There are a number of difficulties here.
One is that Government departments and statisticians have access
to that data a little bit before everyone else they can put it out
and put their particular spin on it and if you need to respond
immediately, it is often very difficult to know quite
where the spin ends and the facts start.
And because we are in this 24-hour news cycle, the data comes out
at nine o'clock in the morning and people are responding
It would be nice at least to leave it until the one o'clock news,
to give it time to understand it and one my frustrations
is when we have the Budget or the Spending Review,
we at the IFS put information out the next day but two days later,
everyone has forgotten about it, by which time you might actually
have done more serious looking at what was it was about.
Let us look at some specific complaints we have had.
We have had this email from Stuart Orange from London.
He feels that the BBC misuses graphs online.
He points to a recent graph on climate change.
Do you have a particular concern about graphs?
It is a classic problem about graphs because where you set the origin
and the bottom of the vertical axis makes a huge difference
to whether a change looks big or small.
If you do this in the context of climate change, people worry
about whether the climate will increase or temperatures
will increase by 2 degrees above preindustrial times and 2
degrees on a chart which starts at zero and goes up to 30,
it is a tiny change and in some sense that is one way of looking
at it but 2 degrees is very important and maybe it is important
to put that within a small amount of space so it does look big and it
does look very different according to where you put the axis
In many ways it is an editorial judgment about what is big
And the problem is you can show things that are not very big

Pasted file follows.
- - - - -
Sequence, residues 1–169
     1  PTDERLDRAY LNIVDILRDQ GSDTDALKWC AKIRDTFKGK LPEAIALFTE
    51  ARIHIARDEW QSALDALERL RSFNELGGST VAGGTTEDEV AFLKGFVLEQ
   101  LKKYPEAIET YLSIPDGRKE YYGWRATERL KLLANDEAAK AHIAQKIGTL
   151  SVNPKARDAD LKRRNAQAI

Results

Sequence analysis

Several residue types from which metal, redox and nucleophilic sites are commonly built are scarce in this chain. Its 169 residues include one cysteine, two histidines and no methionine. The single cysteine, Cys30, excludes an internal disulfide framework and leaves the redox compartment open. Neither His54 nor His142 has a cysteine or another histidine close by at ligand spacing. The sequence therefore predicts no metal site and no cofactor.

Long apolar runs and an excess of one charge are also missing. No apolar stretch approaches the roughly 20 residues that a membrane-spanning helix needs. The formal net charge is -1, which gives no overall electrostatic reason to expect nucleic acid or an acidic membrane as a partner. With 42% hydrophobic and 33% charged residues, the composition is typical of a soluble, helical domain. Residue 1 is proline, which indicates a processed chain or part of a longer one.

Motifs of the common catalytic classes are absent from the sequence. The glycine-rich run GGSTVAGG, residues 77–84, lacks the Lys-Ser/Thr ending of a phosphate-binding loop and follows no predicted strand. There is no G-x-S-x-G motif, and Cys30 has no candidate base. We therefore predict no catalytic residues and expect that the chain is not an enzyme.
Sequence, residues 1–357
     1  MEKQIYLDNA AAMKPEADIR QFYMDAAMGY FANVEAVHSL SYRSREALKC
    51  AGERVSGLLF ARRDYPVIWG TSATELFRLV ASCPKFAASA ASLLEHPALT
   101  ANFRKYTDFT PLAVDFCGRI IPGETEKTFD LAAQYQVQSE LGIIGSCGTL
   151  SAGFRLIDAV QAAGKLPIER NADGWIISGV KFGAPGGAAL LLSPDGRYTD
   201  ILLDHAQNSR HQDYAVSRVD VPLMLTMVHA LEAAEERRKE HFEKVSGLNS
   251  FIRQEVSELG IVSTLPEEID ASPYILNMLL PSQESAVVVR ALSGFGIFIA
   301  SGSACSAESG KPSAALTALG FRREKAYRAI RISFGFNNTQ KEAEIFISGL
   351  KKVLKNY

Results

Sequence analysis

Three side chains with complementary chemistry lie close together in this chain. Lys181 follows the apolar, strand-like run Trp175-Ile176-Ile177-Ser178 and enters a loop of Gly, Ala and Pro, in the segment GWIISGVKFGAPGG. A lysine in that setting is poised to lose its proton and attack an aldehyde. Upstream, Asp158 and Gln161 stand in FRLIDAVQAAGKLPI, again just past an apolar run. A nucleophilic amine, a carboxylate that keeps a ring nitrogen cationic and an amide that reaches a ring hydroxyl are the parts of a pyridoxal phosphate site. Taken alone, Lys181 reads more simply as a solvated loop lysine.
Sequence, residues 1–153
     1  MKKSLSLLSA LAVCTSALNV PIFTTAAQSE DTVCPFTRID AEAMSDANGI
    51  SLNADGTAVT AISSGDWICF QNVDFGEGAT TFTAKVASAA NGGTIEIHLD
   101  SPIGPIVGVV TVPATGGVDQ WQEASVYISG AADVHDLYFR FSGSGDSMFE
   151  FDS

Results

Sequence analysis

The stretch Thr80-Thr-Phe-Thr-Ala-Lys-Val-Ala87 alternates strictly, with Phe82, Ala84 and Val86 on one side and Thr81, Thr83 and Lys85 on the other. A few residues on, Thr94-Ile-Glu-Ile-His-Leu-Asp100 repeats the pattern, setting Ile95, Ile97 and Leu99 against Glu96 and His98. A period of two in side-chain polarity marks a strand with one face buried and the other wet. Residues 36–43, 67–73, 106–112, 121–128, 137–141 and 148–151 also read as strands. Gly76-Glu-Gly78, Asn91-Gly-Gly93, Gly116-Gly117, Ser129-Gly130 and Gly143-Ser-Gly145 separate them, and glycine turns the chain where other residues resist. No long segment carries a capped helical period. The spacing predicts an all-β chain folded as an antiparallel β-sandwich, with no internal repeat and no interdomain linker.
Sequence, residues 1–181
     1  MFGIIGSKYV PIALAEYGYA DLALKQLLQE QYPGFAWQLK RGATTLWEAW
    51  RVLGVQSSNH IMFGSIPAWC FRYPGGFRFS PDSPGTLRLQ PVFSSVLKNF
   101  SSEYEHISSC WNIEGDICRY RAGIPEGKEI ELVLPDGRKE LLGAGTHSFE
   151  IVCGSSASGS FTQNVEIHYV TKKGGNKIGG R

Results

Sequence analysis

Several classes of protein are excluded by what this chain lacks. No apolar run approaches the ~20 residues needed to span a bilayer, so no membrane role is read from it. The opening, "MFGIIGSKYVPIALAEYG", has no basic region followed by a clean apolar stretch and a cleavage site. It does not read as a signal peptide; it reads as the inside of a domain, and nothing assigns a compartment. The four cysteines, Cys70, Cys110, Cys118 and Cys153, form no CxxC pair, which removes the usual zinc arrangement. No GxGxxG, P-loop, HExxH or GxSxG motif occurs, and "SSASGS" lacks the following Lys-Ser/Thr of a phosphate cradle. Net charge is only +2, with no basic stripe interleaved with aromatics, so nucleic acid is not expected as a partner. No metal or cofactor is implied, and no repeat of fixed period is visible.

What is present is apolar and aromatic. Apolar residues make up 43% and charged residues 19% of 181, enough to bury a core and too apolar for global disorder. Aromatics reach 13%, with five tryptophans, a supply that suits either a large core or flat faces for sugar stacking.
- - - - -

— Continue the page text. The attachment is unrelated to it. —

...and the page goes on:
as being big, so unemployment, from 6% to 8.5% can look huge
if the graph only goes between 5.7% and 6%.
We have another e-mail from Jeff Simmons.
It is a good point about what analogy people
I think analogies are very important and that is a good example.
I have no idea what 10,000 square metres looks
like but I have a pretty good idea of what a football pitch looks
like so if you say that something is 12 hectares,
it is actually quite helpful to see how many football pitches or how
many bits of Wales or whatever area is often used that relates to.
In many aspects of measurement, if you cannot bring that analogy
so that people can visualise it, it is very difficult if they are not
working all the time with measures of area, for example.
It is interesting that after the Autumn Statement,
we had complaints that the BBC described George Osborne as lucky
and that this was biased and of course you are an economic
data expert and you used the word lucky to talk about the statistics.
What is your view on how data issues are reported and do you have
concerns that sometimes they are misreported?
The forecast changed a tiny bit and in a way it was helpful
it was a little bit so if I have concern about the way
it was reported it was reported as a much bigger thing than it
actually was and that is partly because the Chancellor talked
about ?27 billion, that's a big number but it was cumulative over
seven years and by the end of that period it was ?4 billion.
Out of ?800 billion of spending, that is tiny.
We'll look out for that review for the BBC Trust which will be
Thank you for all of your comments this week.
If you want to share your opinions on BBC news and current affairs
or even appear on the programme, you can call us or email us.
You can find us on Twitter and have a look at our website.
We will be back to hear your thoughts again next week.